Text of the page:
Keep cool with a cautious approach

Remember how clever we all felt during the bull market? It was buy, buy, profit, profit. Today, the sense is more of bye-bye profit.

Remember how clever we all felt during the bull market? It was buy, buy, profit, profit. Today, the sense is more of bye-bye profit.

And according to the latest Westpac-Melbourne Institute index, there are other concerns depressing consumer sentiment to levels not seen since last August before the Reserve Bank began cutting interest rates.

So let's look at the factors that are making us nervous - and just what you can do about them.

Portfolio pain

The memory of the more than 50 per cent plunge in equity markets is raw - and we're still almost 40 per cent below the high of late 2007. A survey by our sister publication, Smart Investor magazine, found a full third of baby-boomer readers have had to delay their retirement as a result.

Continuing instability overseas is not helping. Europe is not yet out of the woods, the US recovery is looking less strong and Chinese growth - vital for our resources-rich pocket of the world - is slowing.

Many have reacted to recent ructions by selling down some stocks (19 per cent of Smart Investor respondents) selling out of others (11 per cent) and, for a few, selling everything (2 per cent).

And this fits with recent talk from the likes of former Future Fund head David Murray, Super System Review chair Jeremy Cooper and former Treasury boss Ken Henry that our super funds are overexposed to equities.

There are two key methods for dealing with an unstable investment environment - diversification and dividends.

You need to spread your wealth - in both super and money held outside it - across a range of different assets, keeping your allocation to equities and property age-appropriate. You should reduce these more risky growth assets as you get older.

On dividends, we have one of the highest-yielding markets in the world - more than 5 per cent - and favourable tax treatment pushes this up further. So even if share prices simply drift sideways, buy the right stocks and you can get decent returns.

Interest anxiety

The unilateral move by the big banks in February to raise interest rates when the RBA held them triggered an instant deterioration in how we felt. And it was a scary development.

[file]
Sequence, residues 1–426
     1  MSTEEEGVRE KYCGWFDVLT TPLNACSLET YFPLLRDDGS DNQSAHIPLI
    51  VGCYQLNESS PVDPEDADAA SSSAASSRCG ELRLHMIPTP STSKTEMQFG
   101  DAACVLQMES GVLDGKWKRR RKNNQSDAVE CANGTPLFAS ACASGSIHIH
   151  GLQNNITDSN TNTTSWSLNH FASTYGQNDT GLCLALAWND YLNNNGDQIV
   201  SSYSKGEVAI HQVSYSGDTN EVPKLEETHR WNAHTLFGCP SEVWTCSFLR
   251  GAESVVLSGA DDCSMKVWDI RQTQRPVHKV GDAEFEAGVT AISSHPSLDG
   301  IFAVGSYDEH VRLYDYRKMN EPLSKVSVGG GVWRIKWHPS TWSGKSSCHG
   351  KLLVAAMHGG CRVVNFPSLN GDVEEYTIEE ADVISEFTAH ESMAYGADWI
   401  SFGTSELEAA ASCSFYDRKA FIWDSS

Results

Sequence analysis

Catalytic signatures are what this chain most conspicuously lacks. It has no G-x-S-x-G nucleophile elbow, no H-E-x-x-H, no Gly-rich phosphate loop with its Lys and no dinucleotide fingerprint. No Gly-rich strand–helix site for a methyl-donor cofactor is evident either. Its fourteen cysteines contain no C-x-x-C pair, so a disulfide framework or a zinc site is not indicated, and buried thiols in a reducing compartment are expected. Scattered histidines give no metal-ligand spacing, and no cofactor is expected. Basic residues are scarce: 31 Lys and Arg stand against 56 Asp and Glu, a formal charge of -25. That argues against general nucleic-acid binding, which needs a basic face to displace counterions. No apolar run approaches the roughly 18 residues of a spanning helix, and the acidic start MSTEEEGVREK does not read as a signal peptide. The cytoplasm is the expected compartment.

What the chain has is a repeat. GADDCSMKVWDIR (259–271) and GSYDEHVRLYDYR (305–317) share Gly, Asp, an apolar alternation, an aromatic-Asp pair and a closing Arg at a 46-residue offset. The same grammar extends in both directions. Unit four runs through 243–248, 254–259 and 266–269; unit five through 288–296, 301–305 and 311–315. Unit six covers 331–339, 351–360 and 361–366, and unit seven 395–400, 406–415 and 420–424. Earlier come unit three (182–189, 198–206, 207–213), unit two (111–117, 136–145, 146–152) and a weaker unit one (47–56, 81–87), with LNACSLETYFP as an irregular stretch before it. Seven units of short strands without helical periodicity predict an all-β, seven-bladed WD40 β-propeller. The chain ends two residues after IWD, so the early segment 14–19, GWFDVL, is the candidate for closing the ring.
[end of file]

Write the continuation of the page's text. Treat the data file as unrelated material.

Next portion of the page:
But you don't have to wear it. Remember, the best variable rates are more than 1 per cent below the banks' advertised rates - you can get below 6.5 per cent - so the savings from switching are huge. Ask for a matching discount from your existing lender first.

Before you are spooked into fixing, be aware that institutions are clawing back there, too. In March, rates rose on more than 200 fixed loans, despite the Reserve abstaining, with the average two- and three-year fixed rate rising 20 basis points. If you do need repayment certainty, get in quick and hedge your interest-rate bets by only fixing half.

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For savers and retirees, the possibility of further official rate reductions - on soft housing, spending and confidence data - will also be causing unease. There have even been calls for a double cut to ease consumer pain.

The RBA is bound to be swayed by the inflation reading that's due on April 24 - but, for you, forewarned is forearmed.

Fears about job security

The high Australian dollar and our shopping strike are putting industries such as retail, tourism and manufacturing under pressure. Last week there was even a glitch in what is supposed to be powering our economy - resources - with a mine closure by BHP jeopardising 1400 jobs. But, so far at least, it's more expectation than reality.

Economists were actually shocked by an unexpectedly good unemployment reading on Thursday - 44,000 new jobs were created against expectations of just 6000. There was particular growth in part-time positions - 28,000 - with women especially benefiting (female employment overall is at a record high). The unemployment rate appears to be stable at 5.2 per cent.

And there are even signs of a coming upswing in employment. ANZ job ads and the ABS job-vacancy series are both showing strength. But it can't hurt to make yourself indispensable anyway.

Talk of a tough budget

The government remains hell-bent on returning the budget to surplus by 2012/13 as it has staked its political survival on it.

Naturally, the expectation of even more hardship to come is doing nothing to improve our money mood. Unfortunately, there's little we can do to head off any punitive changes until we at least know about them.

Wayne Swan, on this one, we're looking at you.

Nicole Pedersen-McKinnon is also the editor of Smart Investor magazine. Follow her on Twitter @NicolePedMcK.

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